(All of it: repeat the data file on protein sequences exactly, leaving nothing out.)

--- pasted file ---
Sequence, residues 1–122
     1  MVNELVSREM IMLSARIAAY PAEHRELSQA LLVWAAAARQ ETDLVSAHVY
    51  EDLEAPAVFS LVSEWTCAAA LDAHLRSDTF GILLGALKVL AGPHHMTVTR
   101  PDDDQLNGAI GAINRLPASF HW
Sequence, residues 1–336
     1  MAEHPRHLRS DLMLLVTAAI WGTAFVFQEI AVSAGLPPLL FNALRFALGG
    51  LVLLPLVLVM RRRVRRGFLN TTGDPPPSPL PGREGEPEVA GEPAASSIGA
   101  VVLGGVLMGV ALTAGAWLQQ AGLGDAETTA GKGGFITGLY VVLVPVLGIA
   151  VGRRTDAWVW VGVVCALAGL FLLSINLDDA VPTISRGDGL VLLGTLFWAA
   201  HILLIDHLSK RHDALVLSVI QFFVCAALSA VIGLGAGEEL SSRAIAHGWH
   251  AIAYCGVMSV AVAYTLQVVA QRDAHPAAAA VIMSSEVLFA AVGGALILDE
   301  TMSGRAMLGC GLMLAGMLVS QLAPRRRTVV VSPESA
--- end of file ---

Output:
Sequence, residues 1–122
     1  MVNELVSREM IMLSARIAAY PAEHRELSQA LLVWAAAARQ ETDLVSAHVY
    51  EDLEAPAVFS LVSEWTCAAA LDAHLRSDTF GILLGALKVL AGPHHMTVTR
   101  PDDDQLNGAI GAINRLPASF HW
Sequence, residues 1–336
     1  MAEHPRHLRS DLMLLVTAAI WGTAFVFQEI AVSAGLPPLL FNALRFALGG
    51  LVLLPLVLVM RRRVRRGFLN TTGDPPPSPL PGREGEPEVA GEPAASSIGA
   101  VVLGGVLMGV ALTAGAWLQQ AGLGDAETTA GKGGFITGLY VVLVPVLGIA
   151  VGRRTDAWVW VGVVCALAGL FLLSINLDDA VPTISRGDGL VLLGTLFWAA
   201  HILLIDHLSK RHDALVLSVI QFFVCAALSA VIGLGAGEEL SSRAIAHGWH
   251  AIAYCGVMSV AVAYTLQVVA QRDAHPAAAA VIMSSEVLFA AVGGALILDE
   301  TMSGRAMLGC GLMLAGMLVS QLAPRRRTVV VSPESA